"Always In Motion The Future Is" – Yoda
The common wisdom of today states that the Covid19 pandemic has created a set of new health, economic, and governance related challenges for citizens and institutions all over the globe. Equally relevant, the ongoing crisis has highlighted, and further complicated existing societal challenges in almost all walks of life. In this context, we wonder, can we address increasingly complex societal challenges, with the same approach to public policy in which we tackle sectoral issues and assume that based on the past we can anticipate what is going to happen in the future? Or do we need to move towards aiming to transform the system as a whole and look at policymaking as a humbler and more iterative process, "a continuous investigation of different options that are tested in the context where they will be implemented".
The pandemic brought а multitude of changes to our everyday lives and challenged the way in which business and public systems operate. In North Macedonia it challenged the country’s growth momentum, created economic turbulences, added to our unemployment pool (particularly among women), contributed to the increase in poverty rates, and had many other tangible and intangible implications (Socio-Economic Assessment, UNDP 2020). In this context of economic uncertainty, political polarity and prolonged EU accession process we should all work towards ensuring a strong rebound from the status quo, or years of development progress can easily be lost.
However, not everything is gloomy, we believe there might be a silver lining. We have witnessed the resilience of citizens organizations and institutions, as well as the strengthening of cooperation among societies in overcoming shared challenges. We also see a momentous opportunity to rethink our approach to policymaking, upgrade our methods, plans and strategies of governing so that they can be an adequate fit for these new and complex problems. This sentiment is echoed in the words of UNDP Administrator Achim Steiner who stated: "countries have a once in a generation opportunity to chart a new course towards a greener, more inclusive, and more sustainable future."
If we acknowledge and embrace the complexity of challenges in the realm of development, one step forward might be adopting an approach to policymaking that will move beyond the often-criticized practice of "thinking and acting in silos" and towards a more inclusive and transparent process that will make space for cross-sectoral, cross-generational linkages, more innovation, and a dynamic approach to problem-solving that will be grounded in collaboration, learning and adaptation, allowing for quick and flexible policy course corrections. We accept the need for continued learning and adjusting as a normal part of our everyday professional and private lives, so why not also make it an integral part of our public policy making?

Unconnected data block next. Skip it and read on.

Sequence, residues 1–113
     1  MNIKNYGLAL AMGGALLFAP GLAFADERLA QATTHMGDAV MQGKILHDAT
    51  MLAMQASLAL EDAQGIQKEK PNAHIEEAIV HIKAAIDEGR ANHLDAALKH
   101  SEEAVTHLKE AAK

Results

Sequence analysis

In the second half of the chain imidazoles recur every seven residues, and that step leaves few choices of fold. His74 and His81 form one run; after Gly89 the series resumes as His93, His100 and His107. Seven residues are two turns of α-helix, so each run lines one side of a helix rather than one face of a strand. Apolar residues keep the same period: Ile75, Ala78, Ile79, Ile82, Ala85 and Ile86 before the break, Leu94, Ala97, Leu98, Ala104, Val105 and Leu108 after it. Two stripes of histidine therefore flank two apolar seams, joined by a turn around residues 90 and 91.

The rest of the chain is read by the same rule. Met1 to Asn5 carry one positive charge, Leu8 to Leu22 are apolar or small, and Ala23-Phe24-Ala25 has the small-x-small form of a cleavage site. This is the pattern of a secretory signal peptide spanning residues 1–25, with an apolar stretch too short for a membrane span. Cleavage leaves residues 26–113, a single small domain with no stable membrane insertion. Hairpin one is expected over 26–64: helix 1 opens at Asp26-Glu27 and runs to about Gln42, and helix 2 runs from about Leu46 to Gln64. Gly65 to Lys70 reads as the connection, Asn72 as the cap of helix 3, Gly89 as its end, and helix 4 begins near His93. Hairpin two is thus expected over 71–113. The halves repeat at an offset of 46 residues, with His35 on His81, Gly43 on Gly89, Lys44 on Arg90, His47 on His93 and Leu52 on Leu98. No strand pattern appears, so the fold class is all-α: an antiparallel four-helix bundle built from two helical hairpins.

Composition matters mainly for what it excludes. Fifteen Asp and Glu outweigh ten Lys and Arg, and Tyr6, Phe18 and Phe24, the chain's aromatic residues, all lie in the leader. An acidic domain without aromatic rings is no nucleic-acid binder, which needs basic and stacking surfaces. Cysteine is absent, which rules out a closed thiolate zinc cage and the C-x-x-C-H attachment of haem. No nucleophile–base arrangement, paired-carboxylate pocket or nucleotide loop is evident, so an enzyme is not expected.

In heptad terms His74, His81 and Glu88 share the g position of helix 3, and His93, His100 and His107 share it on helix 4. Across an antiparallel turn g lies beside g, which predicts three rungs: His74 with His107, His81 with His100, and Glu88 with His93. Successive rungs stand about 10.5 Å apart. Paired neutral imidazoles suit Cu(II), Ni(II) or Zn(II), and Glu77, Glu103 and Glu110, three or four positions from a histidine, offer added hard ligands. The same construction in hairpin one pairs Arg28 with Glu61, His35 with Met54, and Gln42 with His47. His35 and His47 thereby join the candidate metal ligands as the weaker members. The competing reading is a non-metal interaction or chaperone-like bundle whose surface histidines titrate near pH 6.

New Plan For Development
We are now in the decade of ambitious actions to deliver on the reforms that will accelerate the EU accession process and the Agenda 2030. One pathway to address ongoing development challenges and remain on course with achieving the SDGs is to have a long-term plan. We believe a new nationwide plan for development can be a unique opportunity to embrace the complexity of current challenges and offer a portfolio of options that will generate collective intelligence, facilitate interactions between all stakeholders, potentially lead to interventions on multiple fronts and perhaps even catalyze a systemic transformation. This new nationwide development plan can accelerate the achievement of SDG’s in our country and address the thematic areas that require the greatest societal focus to reach the desired outcomes and communicate them with the general public.
Prepared in a co-designing process, with its scope and longevity, this new national development plan would have the potential to offer meaningful inclusion and empowerment of different actors in the policymaking process and in building a nation-wide shared vision. In the pursuit of designing the pathway for development, we hope that even political opponents can find points of unification, mutual understanding and acceptance. The plan can also unite other strategic documents into a holistic approach for solving ongoing problems.
In moving forward, we ask ourselves several important questions:
Is this new approach something institutions, individuals, organizations are willing to consider, invest in, pursue and implement? Can political actors create new modalities of engagement and meaningful participation that would lead towards embracing a whole of society approach, streamlining the expectations and involvement of actors in the policymaking process? Can this plan serve as a platform to unite citizens in the pursuit of common goals?
We hope that in the period ahead we can provide answers to some of these questions and take part in charting a new course in transforming policymaking for an accelerated and more impactful development process. It seems that in these uncharted waters we can find challenges but also immense opportunities.